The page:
33 Catalonia Court in Conquistador is an easily accessible first floor unit with renovations completed last year. It includes new laminate hardwood floors, and new stove, refrigerator, microwave, washer and dryer. You will find freshly painted walls throughout the condo along with new light fixtures. This unit features an open layout between the family room, informal dining room and kitchen. Two sets of sliding glass doors open up to the newly screened and tiled rear patio. Conquistador includes three community swimming pools, a fishing dock, and tennis courts. We should also let you know that Ron is related to the seller.

See a short video of the unit below:

Hire St. Augustine Team Realty the next time you go to buy or sell a condo. Email us at ReQuestion@StAugTeam.com or call Broker Sean Hess at (904) 386-8327.

Learning Green Homes in St. Augustine

Tuesday, November 20th, 2012

by Sean Hess (Sean@StAugTeam.com), Broker and Manager for St. Augustine Team Realty (www.StAugustineTeamRealty.com). Join us on Facebook and Google+.

Green homes are more than just solar.

Green homes are more than just solar.

At the recent National Association of Realtors conference in Orlando, I made finding out what makes a home “green” a priority.

Part of the reason I wanted to find out is that I’ll be buying another home soon, and I wanted to find ways to make the home better for the environment. I also want to save some money on my utility bills, too, which is a practical consideration.

What really surprised me was that solar and geothermal are the “bling” of green, but that they are really minor things when it comes to making a home green. Ditto Energy Star appliances.

What really will make a difference, according to the experts, is insulation.

Yep, plain old boring insulation. But it was a point of emphasis that the insulation had to be correctly installed.

How do you install insulation correctly? I have no idea but I guess I’ll be finding out!

Anyway, homes that are well insulated are good for the environment because they use much less energy to heat and cool, meaning less use of fossil fuels like coal and oil, and less CO2 in the air. Plus there is that practical side; well insulated homes are less drafty, and thus more comfortable.

And they save money on utility bills.

Bring in solar to help augment the power and you can see even more of an impact.

Another thing I learned about was re-purposing and updating older buildings in order to make them more energy efficient.

One of the dangers in bringing an older building up to code or updating it is that you could interfere with the way a building naturally breathes.

In one case a builder updated some older homes with single glazed glass to double-paned glass.

When it got cold the moisture used to condense on the old single glazed glass on the inside of the building. With the new double panes the moisture wouldn’t collect there anymore…so it went other places.  Into people’s clothes, into the walls, etc.  It became a major mold problem.

In another case a moisture barrier was installed on an older home, which did a great job of keeping moisture out.  The problem was it also trapped moisture inside…which created mold.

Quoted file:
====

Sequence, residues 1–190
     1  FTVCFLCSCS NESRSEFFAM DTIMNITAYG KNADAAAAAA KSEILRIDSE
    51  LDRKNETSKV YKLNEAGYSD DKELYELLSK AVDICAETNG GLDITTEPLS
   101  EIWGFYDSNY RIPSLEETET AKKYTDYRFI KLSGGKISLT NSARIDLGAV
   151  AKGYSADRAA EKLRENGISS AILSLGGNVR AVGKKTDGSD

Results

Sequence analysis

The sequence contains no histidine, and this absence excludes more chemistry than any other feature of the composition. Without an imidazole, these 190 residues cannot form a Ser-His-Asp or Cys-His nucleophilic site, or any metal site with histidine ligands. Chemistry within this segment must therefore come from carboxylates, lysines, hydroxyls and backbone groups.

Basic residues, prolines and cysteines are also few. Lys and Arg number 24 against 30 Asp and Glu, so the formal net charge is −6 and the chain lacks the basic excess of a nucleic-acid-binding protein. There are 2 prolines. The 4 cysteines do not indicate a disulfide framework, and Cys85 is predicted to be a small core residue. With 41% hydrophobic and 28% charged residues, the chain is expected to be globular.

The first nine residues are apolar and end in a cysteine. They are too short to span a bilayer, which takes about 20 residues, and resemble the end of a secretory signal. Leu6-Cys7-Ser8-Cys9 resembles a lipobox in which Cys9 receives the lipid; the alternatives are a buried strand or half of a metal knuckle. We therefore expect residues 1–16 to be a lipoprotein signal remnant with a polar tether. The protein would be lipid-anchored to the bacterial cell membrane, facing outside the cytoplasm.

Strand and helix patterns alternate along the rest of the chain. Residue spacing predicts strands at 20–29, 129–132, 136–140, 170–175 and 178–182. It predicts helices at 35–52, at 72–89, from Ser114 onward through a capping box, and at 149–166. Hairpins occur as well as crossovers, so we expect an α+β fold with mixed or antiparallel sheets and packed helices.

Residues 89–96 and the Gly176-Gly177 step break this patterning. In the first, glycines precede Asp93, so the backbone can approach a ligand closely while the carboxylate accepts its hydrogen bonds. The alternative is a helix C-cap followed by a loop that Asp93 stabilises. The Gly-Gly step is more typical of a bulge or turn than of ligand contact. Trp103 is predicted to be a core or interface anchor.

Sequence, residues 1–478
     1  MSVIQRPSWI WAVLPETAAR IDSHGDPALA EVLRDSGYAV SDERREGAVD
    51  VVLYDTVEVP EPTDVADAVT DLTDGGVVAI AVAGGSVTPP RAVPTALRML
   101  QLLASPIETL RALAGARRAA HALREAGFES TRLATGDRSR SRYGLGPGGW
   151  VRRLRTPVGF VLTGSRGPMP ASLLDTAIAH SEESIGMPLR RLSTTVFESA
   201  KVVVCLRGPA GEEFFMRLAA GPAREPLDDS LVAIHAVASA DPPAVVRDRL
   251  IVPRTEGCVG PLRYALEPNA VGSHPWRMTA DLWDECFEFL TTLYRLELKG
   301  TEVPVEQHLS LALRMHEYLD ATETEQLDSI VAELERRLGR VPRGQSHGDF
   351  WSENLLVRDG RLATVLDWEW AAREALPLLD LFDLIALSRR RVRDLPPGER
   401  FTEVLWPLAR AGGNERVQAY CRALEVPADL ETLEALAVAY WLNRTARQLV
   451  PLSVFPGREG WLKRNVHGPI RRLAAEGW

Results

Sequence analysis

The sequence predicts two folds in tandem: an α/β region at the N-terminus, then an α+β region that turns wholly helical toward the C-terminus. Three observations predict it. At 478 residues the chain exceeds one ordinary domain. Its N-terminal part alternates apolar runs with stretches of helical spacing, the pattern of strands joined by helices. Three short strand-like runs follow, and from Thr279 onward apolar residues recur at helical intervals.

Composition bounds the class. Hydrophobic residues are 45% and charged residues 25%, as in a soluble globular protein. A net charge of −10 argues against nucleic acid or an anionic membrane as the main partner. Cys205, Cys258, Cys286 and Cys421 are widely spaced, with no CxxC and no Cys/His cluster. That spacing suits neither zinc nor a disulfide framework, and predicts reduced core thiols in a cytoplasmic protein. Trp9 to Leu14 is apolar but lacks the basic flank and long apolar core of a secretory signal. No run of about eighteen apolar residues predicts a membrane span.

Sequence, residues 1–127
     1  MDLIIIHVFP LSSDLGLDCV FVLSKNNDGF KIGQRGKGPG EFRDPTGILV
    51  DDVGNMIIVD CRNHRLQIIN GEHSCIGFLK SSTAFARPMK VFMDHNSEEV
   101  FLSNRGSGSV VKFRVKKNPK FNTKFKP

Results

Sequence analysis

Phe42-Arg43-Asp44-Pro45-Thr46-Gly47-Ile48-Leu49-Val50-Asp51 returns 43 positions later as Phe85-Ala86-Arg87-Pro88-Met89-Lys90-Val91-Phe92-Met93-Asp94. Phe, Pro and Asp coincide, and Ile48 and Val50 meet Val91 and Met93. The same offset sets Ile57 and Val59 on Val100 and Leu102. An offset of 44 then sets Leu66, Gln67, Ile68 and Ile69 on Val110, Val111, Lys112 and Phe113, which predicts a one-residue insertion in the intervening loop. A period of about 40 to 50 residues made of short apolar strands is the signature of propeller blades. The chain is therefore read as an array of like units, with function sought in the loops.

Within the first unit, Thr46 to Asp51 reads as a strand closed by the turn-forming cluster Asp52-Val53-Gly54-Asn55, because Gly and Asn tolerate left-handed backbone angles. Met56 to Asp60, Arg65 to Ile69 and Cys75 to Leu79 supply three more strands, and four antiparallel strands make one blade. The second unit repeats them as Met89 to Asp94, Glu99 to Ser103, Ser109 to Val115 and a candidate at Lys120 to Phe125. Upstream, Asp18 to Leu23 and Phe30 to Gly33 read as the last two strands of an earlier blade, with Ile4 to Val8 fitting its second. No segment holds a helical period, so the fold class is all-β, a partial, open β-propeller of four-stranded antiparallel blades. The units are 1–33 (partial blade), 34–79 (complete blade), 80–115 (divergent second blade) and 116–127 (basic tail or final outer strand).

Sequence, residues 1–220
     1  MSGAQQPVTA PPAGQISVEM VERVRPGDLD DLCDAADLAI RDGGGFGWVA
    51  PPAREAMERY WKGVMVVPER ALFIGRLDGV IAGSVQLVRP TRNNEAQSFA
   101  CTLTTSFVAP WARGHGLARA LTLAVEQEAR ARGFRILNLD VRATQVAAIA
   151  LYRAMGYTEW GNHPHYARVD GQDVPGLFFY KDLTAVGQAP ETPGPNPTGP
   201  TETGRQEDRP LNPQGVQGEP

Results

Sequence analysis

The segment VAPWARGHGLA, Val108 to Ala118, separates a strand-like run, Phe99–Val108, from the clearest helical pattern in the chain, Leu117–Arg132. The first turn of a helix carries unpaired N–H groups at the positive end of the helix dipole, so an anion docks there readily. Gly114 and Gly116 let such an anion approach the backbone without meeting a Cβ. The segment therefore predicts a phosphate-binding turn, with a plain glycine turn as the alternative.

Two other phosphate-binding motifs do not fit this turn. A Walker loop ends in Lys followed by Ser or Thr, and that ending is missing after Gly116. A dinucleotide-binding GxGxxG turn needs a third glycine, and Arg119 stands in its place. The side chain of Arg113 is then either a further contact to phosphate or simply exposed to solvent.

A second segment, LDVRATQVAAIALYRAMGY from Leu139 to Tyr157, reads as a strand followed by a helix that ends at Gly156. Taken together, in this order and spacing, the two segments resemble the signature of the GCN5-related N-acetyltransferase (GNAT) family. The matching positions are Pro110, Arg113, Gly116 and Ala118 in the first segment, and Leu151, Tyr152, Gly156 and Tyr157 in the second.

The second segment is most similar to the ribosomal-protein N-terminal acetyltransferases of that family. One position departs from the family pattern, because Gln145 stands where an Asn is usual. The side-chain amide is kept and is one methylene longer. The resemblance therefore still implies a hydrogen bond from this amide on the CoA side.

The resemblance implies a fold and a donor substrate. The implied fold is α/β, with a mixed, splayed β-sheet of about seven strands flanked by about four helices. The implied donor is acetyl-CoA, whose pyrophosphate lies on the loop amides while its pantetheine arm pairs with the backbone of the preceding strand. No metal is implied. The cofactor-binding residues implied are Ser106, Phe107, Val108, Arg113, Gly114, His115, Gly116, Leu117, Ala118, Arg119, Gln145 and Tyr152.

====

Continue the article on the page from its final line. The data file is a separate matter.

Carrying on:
The first apartment building I lived in here in St. Augustine had no insulation (!) so I have first hand knowledge of how cold and drafty an old building left original can be (I don’t think insulation was a mandatory part of the building code here in Florida until the early 1970s).

But if you were to update that old building you would want to take a serious look at how to insulate it while still letting it breathe.

And if I buy and decide to update an older home, I’ll be very careful to do the same.

Hire St. Augustine Team Realty the next time you go to buy or sell a green home. Email us at ReQuestion@StAugTeam.com or call Broker Sean Hess at (904) 386-8327.

Why Should I Pay Buyer Closing Costs? Why Not Just Knock it Off the Price?

Monday, November 12th, 2012

by Sean Hess (Sean@StAugTeam.com), Broker and Manager for St. Augustine Team Realty (www.StAugustineTeamRealty.com). Join us on Facebook and Google+.

Closing costs can leave a buyer cash poor.

Closing costs can leave a buyer cash poor.

Why should I pay buyer closing costs? Why not just knock it off the price?

People may have enough to make the downpayment on a house, and qaulify for the loan, but adding $4000 to $5000 in closing costs could mean they won’t be able to buy your home.

It could lead them to be over budget.  Say they are willing to put down $20,000 including closing costs, but simply don’t have enough saved to put down $25,000.  Enough said there.

In another case it could leave the buyers cash strapped or cash poor at closing.

Let’s say you’ve got a young family (or anyone) going FHA and putting down 3.5%, or even getting a full 100% loan either through VA or USDA.

Closing costs of $4000 or $5000 could represent their entire savings (or their entire savings after putting the FHA down payment).   Even if they have more in the bank it’s going to leave them really lean after they buy the house.  $5000 could represent almost six months of payments…the minimum you want in savings in case you lose your job…and having it in the bank instead of using it to pay for closing costs could provide a real safety net.

Will this affect my bottom line?

Yes it will, but not by much.*

Let’s say you agree to sell a house for $140,000 and give the buyers back $5000 towards closing costs, instead of just selling at $135,000.

Because your real estate commission, the state doc stamps, and the owners title insurance policy are all based on purchase price, these charges will be a bit higher, but only by about $360.

*Please note this is a Florida specific example…the costs might be different in your location.

It still has to appraise, doesn’t it?

Yes it does.